0
Professional News
Robinowitz Runs for Influential AMA Post
Psychiatric News
Volume 36 Number 10 page 10-10
Anchor for JumpAnchor for Jump

Carolyn Robinowitz, M.D., is one of four candidates seeking a seat on the AMA Council on Scientific Affairs. 

Carolyn B. Robinowitz, M.D., one of 14 psychiatrists who represent APA in the AMA’s House of Delegates, will vie for a seat on the AMA’s influential Council on Scientific Affairs at the AMA’s annual meeting in Chicago next month.

Robinowitz, a former APA senior deputy medical director, is one of four announced candidates for the council seats open in the House of Delegates’ annual election.

The Council on Scientific Affairs (CSA) is one of seven councils advising the AMA’s Board of Trustees on policy. As the council entrusted with advising the trustees on all clinical and research topics, the members of the CSA can have considerable influence in shaping the AMA’s public policy efforts.

In the past year the CSA has played a part in advising the House of Delegates on a wide variety of proposed changes in AMA policy, including opposition to reparative therapy, opposition to the patenting of human genes, the safety and efficacy of psychotropic medications in children, and the unique difficulties of geriatric pharmacology.

"At times," APA President Daniel B. Borenstein, M.D., told Psychiatric News, "the council has produced one of its otherwise excellent reports that overlooks much of the current knowledge from our field. Having Carolyn on the council would correct this problem not only through her own knowledge, but also in making sure the council receives timely input from APA."

"I hope that I would bring added value to the panel," Robinowitz told Psychiatric News. "I know that advances in science must be translated effectively into practical applications and clinical programs, and I have spent the last two decades doing just that."

The openings on the CSA create an opportunity that APA is well poised to take advantage of, according to Joseph T. English, M.D., chief of psychiatry at St. Vincent’s Hospital in Manhattan, a former APA president, and the current chair of the AMA’s Section Council on Psychiatry. The section council is composed of seven voting delegates, of which Robinowitz is one, and seven alternate delegates, who represent psychiatry in the House of Delegates. Delegates are appointed by the APA president and the president of the American Academy of Child and Adolescent Psychiatry.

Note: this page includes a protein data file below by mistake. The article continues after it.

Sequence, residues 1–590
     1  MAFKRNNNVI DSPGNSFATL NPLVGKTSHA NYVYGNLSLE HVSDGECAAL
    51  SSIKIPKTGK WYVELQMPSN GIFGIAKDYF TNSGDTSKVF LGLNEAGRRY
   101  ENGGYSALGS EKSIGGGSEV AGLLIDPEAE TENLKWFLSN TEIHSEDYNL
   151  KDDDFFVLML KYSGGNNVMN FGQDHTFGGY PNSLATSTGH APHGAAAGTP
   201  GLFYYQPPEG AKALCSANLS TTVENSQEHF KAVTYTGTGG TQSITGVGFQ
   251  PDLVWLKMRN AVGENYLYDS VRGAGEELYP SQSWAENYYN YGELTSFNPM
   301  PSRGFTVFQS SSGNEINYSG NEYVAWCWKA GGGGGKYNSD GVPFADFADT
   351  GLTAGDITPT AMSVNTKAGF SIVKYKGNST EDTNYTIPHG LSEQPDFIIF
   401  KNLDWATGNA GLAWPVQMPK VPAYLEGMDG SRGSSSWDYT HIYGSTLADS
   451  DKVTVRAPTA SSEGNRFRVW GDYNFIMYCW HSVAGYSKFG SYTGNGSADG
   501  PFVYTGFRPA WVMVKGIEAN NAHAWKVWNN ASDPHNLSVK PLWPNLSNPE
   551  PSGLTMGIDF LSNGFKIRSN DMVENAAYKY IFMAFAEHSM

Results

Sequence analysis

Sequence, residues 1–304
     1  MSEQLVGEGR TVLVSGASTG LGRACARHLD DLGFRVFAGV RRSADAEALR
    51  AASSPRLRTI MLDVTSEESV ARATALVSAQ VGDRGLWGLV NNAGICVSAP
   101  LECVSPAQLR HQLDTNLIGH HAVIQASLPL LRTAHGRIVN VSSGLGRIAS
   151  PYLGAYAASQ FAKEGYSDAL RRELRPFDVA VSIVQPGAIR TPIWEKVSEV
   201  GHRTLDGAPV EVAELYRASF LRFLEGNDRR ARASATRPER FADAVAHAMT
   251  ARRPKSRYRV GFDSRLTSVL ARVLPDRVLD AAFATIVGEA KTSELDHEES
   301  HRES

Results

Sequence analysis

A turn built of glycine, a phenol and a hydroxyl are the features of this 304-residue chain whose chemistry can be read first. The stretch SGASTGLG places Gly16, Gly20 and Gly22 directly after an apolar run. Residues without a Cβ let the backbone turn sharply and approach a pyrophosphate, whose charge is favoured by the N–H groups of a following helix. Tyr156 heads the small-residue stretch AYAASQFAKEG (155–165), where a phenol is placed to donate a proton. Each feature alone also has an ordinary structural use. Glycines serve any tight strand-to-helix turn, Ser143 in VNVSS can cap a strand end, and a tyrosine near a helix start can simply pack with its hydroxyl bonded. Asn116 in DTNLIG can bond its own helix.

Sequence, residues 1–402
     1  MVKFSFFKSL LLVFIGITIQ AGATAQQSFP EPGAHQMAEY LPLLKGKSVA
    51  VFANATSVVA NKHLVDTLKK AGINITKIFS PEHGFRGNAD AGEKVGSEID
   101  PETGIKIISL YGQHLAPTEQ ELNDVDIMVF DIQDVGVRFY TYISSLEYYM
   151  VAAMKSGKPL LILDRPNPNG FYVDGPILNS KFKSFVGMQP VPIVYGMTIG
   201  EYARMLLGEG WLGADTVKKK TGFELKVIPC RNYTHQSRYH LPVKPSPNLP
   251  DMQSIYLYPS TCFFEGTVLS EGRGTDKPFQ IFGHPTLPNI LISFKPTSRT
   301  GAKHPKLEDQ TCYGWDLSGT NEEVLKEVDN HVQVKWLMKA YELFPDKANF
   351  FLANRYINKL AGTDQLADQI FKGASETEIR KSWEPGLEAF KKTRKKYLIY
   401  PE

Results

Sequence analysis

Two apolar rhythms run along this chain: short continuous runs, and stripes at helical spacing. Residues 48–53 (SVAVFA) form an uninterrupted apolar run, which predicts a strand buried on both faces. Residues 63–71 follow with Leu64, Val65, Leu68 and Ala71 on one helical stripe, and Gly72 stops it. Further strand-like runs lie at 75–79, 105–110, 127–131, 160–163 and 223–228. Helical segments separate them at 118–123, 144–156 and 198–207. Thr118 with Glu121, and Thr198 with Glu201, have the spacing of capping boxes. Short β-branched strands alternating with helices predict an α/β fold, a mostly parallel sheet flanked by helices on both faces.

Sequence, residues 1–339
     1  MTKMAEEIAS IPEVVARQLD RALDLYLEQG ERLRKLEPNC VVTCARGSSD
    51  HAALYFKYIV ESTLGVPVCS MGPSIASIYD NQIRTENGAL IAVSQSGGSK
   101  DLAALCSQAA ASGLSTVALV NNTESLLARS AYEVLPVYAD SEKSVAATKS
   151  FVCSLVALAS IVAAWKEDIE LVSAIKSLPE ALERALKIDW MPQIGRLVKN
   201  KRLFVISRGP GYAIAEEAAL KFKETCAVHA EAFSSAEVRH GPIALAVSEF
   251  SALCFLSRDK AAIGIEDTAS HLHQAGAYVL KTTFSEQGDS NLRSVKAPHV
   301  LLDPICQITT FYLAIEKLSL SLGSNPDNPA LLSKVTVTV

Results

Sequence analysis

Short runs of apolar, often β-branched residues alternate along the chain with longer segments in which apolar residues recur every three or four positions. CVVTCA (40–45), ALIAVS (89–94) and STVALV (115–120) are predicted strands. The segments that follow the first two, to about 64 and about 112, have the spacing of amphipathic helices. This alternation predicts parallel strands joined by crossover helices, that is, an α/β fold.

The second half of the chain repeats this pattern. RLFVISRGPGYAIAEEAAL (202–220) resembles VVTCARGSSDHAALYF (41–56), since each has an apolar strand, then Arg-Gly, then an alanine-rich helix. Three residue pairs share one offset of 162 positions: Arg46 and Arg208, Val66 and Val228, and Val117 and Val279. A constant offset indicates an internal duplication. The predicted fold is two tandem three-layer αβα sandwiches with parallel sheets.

"Psychiatry now comprises the fourth largest specialty in the House of Delegates," English told Psychiatric News. "The time is right for us to put our growing voice to good use to ensure that appropriate and timely input from psychiatry is heard in the deliberations of the house."

"As medicine’s gains in knowledge of the human mind really begin to impact us in the coming decades of the new century," said Saul Levin, M.D., a Washington, D.C., psychiatrist and alternate delegate, "psychiatry is going to play a pivotal role, both in terms of mental illness and its biological components and in substance abuse as well."

Levin, who is advising Robinowitz on her campaign, told Psychiatric News that the council is where the AMA will begin to address these as well as other major issues.

Robinowitz, who recently returned to private practice in Washington, D.C., after serving as academic dean at Georgetown University School of Medicine, was trained in pediatrics and general psychiatry at the Albert Einstein College of Medicine and in child psychiatry at Children’s National Medical Center in Washington, D.C.

She was the founding director of the Office of Education at APA and later served as chief operating officer, responsible for APA’s scientific and public policy coordination and implementation. In addition to her long association with APA and the AMA, she was the first woman to be elected president of the Council of Medical Specialty Societies and the first woman president of the American Board of Psychiatry and Neurology. She has also served as president of the Association for Academic Psychiatry, the American College of Psychiatrists, and the Group for the Advancement of Psychiatry.

Robinowitz said she would work to address the areas of clinical research, recruiting, and the training and retraining of "trench researchers" and their translation of science data into clinical applications.

The AMA’s elections will be held Tuesday, June 19, at the House of Delegates’ annual meeting in Chicago. The proceedings will be posted at www.ama-assn.org.

Anchor for JumpAnchor for Jump

Carolyn Robinowitz, M.D., is one of four candidates seeking a seat on the AMA Council on Scientific Affairs. 

Carolyn B. Robinowitz, M.D., one of 14 psychiatrists who represent APA in the AMA’s House of Delegates, will vie for a seat on the AMA’s influential Council on Scientific Affairs at the AMA’s annual meeting in Chicago next month.

Interactive Graphics

Video

NOTE:
Citing articles are presented as examples only. In non-demo SCM6 implementation, integration with CrossRef’s "Cited By" API will populate this tab (http://www.crossref.org/citedby.html).
Related Articles
Articles